It is my job to watch the sheep. It is a very important job.
We are a small mountain village. The earth is too rocky for crops. My family, and many families, must sell the meat and the milk and the wool of our sheep, if we want to keep hunger from our hearth. A saying around here is “a well-kept flock is a well-kept home,” which means that my work is as important as any other man’s.
Guarding the flock usually falls to the father. We share the mountain with many wolves, and in the dark of night the danger is great. But my father is dead now, and Mother says I must take his place.
Other villagers argue with her in whispers. It is not right, they say. Sixteen years is not enough to guard against a wolf. And he is a delicate boy, they say, prone to fancies, he would make a good daughter if nature had willed it so. Sometimes I am angry when I hear them say this, and I puff up my chest and raise my head high and stare at them with steel in my eyes. When I hear the howl of wolves in the nighttime, I think they are right.
Mother does not answer to our neighbors. I remember when my father was alive and she would sing to me in the mornings and talk to the sheep as if they understood. Now she does little but stare into the cold hearth and drink the wine I buy at market.
I am also sad that Father is dead. He was not a big man but seemed so when he spoke. His voice was deep and quick, and filled a room the way his frame did not.
He died last spring. He was out watching the sheep, and must have dozed. That morning there was nothing left but his boots and a large stain, dark upon the ground. He did not approve of me, I know. Love, yes, but he would agree with the comments from the village. He would have taught me to guard the flock, to watch against wolves, would have plucked the delicacy from my frame and fancies from my head.
I must do it on my own. Mother cares for very little. Our way of life is a hard one, and I am learning my lessons quickly. Our cottage is far from the stream and the market. Sheep are filthy animals, encrusted with their own muck, and they do not respond to my hands. The stall keepers at market are very good to me, giving me odd ends of their wares, and our wool is not worth the price they pay for it.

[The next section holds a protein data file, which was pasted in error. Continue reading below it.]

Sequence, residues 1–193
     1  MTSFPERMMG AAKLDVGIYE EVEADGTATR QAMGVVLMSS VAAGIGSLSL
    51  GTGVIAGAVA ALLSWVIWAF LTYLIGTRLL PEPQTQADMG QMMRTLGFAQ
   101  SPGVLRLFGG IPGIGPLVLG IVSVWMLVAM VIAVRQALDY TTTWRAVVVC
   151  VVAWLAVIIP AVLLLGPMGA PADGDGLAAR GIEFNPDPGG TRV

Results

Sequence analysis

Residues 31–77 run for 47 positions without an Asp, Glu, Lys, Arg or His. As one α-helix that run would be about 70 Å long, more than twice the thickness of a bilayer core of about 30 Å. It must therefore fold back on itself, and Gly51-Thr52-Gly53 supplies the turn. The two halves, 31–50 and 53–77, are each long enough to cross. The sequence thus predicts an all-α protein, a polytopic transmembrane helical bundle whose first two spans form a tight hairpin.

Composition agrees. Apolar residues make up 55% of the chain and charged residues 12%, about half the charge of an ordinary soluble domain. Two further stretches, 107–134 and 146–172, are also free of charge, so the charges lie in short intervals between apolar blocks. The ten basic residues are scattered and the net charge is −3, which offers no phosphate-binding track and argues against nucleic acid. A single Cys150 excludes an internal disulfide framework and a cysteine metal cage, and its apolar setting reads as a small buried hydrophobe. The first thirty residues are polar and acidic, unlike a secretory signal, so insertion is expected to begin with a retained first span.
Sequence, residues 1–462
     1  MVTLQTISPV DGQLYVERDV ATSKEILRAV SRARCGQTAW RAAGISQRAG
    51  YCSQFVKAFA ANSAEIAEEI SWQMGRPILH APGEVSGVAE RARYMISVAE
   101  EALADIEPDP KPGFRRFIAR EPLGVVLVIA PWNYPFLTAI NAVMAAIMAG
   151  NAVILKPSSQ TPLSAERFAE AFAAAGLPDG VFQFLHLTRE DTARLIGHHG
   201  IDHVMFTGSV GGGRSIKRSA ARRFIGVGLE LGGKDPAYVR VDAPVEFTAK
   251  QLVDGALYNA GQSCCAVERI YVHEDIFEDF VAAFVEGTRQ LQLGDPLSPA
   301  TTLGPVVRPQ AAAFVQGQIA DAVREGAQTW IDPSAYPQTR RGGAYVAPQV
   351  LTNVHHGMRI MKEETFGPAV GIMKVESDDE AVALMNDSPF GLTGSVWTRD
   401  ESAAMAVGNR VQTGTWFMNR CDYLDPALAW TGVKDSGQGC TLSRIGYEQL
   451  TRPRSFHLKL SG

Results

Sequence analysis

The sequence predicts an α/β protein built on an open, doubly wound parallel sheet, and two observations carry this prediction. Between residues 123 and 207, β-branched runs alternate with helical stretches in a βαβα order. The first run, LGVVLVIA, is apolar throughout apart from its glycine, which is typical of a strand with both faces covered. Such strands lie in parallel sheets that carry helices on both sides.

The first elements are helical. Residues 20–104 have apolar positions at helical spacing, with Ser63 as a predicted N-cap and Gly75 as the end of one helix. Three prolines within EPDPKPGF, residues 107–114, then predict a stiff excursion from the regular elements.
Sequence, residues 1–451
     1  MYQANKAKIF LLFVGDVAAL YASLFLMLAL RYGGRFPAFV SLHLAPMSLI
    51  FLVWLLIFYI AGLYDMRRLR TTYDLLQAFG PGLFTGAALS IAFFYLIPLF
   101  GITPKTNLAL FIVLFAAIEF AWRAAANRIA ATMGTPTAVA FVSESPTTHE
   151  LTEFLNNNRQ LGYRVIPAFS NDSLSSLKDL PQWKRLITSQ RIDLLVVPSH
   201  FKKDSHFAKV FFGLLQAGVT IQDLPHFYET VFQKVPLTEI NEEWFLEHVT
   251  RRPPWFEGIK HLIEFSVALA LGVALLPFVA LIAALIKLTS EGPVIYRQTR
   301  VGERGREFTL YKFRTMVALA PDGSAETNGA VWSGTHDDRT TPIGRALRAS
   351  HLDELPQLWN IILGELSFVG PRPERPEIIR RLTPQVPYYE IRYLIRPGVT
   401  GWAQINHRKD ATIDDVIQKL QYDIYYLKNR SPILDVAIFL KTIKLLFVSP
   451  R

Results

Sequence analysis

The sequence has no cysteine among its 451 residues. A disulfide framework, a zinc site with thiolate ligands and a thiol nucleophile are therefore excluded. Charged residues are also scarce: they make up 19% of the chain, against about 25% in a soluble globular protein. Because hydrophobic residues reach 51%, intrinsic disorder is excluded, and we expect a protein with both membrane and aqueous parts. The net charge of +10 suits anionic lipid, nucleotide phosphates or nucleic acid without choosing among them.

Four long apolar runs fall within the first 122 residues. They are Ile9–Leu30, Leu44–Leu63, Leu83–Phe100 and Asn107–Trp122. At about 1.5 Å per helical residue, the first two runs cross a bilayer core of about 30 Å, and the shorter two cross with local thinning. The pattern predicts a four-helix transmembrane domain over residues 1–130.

Sometimes I try to rouse Mother from her dark dreams. I am afraid to build a fire, but dislike a grey hearth and a cold supper. But if she is not crying she rages. She misses her husband, and I am not enough like him, in frame or skill. I suppose looking at me reminds her of what she lost, and what cannot be replaced.
There is nothing to fear but what we always fear in the dark of night.
It is my job to watch the sheep. It is a very important job. This is what I tell myself.
Even when it is cold outside, and dark, and the ground is damp, and I would much rather be in my bed.
The first howl I heard made me rush into our cottage and slam the door. This roused Mother. You are letting our sheep be eaten, she snapped, as I cowered against the door. Do you want us to lose our flock to the fangs and tearing claws of the mountain wolf? I did not say that the sheep did little for us if no one is to shear them or card the wool. She dealt me a blow and sent me out again.
Now the latchstring is kept in. I sit on the fence-post and pass the time.
After a day of much walking and many chores I begin to nod. To stay awake I test my balance on top of the fence. With wide-stretched arms I put one foot in front of the other. I am very careful, but a sudden gust of wind from down the mountain knocks me over.
“Are you all right?” a voice calls. Not my mother. A man, coming up the slope towards me, a man I have never seen before.
“Are you hurt?” he asks again. The fall knocked the wind out of me, but nothing hurts. I nod, still sitting on the damp ground.
He sits down next to me. “I’m Callum,” he says. “Traveling cobbler, at your service.”
“Duncan,” I say, still breathless. “Protector of the flock. At the service of the sheep.”
He chuckles. I feel it travel through the earth, rippling out in waves under my body. “I suppose I can’t ask you to be at my service,” he says.